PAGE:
Memorandum by Bristol City Council (TAB
1. Bristol, a major historic city, is currently
reviewing its policies and assessment procedures for tall buildings
proposals in the light of recent pressures for development within
its historic core areas.
2. Without a tall buildings strategy in
the 1960's, and without the benefit of high quality design or
sustainable objectives, the City suffered erosion of the historic
skyline and degradation of the environment.
3. The 1960's legacy of poorly designed
tall buildings in the city has resulted in strong public antipathy
to further similar development.
4. A clear and accountable assessment and
evaluation of tall building proposals is essential if a credible
process is to be evolved which will gain the backing of the population
and allow the sustainability and land use benefits of tall buildings
to be clarified.
5. In relation to very tall buildings a
specific process may be appropriate which could contain the following
central government guidance on the
merits and advantages of a balanced approach to tall development,
giving weight to a range of criteria based on sustainability and
local context, where architectural merit will be one of a basket
of issues to be considered;
clear guidance on the assessment
process as indicated by English Heritage and CABE;
topographical and environmental assessment
of potential impact on historic or otherwise sensitive contexts
by local authorities, indicating potential areas of acceptability;
demonstrable commitment by developers
to high quality development, matching the public aspiration to
see architectural landmarks comparable to the best examples elsewhere
in the world.
6. Generating certainty and promoting creative
excellence should be the watchwords of any new high buildings
policy, but these need to be set against consideration of impact
on a valued local setting. Bristol's experience is what goes up
tends to stay there so it must aspire to be the best quality that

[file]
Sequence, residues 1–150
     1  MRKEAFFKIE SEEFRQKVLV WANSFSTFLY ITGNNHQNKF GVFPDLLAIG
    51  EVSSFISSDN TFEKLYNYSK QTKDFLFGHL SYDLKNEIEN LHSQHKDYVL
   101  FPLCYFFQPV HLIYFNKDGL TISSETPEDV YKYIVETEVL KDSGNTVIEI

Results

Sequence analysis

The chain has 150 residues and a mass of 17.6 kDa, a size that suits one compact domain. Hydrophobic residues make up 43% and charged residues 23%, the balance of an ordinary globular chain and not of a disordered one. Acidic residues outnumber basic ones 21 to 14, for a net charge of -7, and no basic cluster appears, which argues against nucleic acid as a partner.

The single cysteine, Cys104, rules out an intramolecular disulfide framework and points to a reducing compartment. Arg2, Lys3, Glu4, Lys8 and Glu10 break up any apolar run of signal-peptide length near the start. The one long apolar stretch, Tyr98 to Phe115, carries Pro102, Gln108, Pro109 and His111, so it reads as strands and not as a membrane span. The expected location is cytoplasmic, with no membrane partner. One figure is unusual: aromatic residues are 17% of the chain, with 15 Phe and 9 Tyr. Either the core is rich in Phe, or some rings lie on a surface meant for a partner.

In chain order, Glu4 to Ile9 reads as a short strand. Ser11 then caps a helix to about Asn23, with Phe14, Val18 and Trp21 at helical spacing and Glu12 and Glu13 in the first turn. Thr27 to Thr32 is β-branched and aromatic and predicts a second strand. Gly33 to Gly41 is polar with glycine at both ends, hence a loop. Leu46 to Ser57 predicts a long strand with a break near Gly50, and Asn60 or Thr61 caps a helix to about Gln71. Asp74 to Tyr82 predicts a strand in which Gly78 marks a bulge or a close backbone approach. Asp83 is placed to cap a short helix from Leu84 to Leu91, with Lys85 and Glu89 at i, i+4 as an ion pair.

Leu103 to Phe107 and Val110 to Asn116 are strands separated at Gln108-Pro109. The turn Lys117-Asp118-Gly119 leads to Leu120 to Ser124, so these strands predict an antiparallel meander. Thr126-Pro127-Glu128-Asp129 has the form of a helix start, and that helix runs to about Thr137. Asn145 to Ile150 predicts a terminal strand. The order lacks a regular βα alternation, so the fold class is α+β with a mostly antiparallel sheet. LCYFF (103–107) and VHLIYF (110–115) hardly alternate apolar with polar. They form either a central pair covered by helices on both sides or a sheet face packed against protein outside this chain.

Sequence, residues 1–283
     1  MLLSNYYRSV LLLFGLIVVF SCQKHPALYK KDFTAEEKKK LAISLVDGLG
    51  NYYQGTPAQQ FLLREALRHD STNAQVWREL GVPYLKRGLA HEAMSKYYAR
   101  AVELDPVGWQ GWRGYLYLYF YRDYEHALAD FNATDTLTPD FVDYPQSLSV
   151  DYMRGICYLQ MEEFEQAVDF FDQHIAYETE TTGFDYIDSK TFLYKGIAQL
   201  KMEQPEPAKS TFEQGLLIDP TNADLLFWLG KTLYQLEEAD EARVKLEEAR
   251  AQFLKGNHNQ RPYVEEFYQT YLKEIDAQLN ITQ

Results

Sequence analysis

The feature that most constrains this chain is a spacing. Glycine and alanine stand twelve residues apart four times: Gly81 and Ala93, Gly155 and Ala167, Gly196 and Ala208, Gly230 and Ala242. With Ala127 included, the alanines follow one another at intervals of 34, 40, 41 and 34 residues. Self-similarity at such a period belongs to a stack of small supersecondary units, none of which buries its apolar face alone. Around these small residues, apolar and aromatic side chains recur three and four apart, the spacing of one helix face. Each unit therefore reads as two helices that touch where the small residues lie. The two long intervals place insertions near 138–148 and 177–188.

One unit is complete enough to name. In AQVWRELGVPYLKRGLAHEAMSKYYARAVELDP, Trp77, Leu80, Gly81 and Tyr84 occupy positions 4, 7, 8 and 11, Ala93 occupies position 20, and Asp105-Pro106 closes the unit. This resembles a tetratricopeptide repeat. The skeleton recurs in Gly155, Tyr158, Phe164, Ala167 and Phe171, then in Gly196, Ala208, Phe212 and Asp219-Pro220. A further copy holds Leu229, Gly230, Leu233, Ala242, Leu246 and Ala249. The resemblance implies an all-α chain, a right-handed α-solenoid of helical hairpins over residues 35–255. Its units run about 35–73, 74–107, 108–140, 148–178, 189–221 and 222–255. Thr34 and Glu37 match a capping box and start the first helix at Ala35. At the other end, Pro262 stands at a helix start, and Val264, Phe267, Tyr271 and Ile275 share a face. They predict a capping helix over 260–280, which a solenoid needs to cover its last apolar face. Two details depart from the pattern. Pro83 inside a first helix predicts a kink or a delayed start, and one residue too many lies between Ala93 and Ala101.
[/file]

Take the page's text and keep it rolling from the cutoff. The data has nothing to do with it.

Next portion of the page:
contemporary architecture can achieve, and then only if the context
1.1 Bristol is experiencing an urban regeneration
programme unparalleled for over an hundred years, bringing positive
investment in buildings in the City through private and public
initiatives. Such is the scale of the current activity, the word
"renaissance" springs readily to use.
2.1 New investment in community facilities,
schools, hospitals, new homes and businesses is the life blood
of urban regeneration and gives the potential for a new quality
of urban living. In the case of central Bristol it has been focussed
around the rebirth of the old harbour and the historic city and
in its Victorian suburbs. More development in the outer suburbs
is contemplated as investment radiates outward.
2.2 Bristol has a strong tradition of urban
quality backed by a wealth of investment in the Georgian, Victorian
and Edwardian periods. It is recognised, both by its community
and by national assessors as an outstanding legacy of architecture
and built townscape based on a topography of hills, river valleys
and gorges, giving scenic views and framed landscapes.
3. Consensus with the community
3.1 The city has developed a consistent
approach since the disaster of mass clearance and illiterate development
of the 1960's. That approach has been one of respecting its urban
past, restoring its historic fabric and rebuilding its urban architecture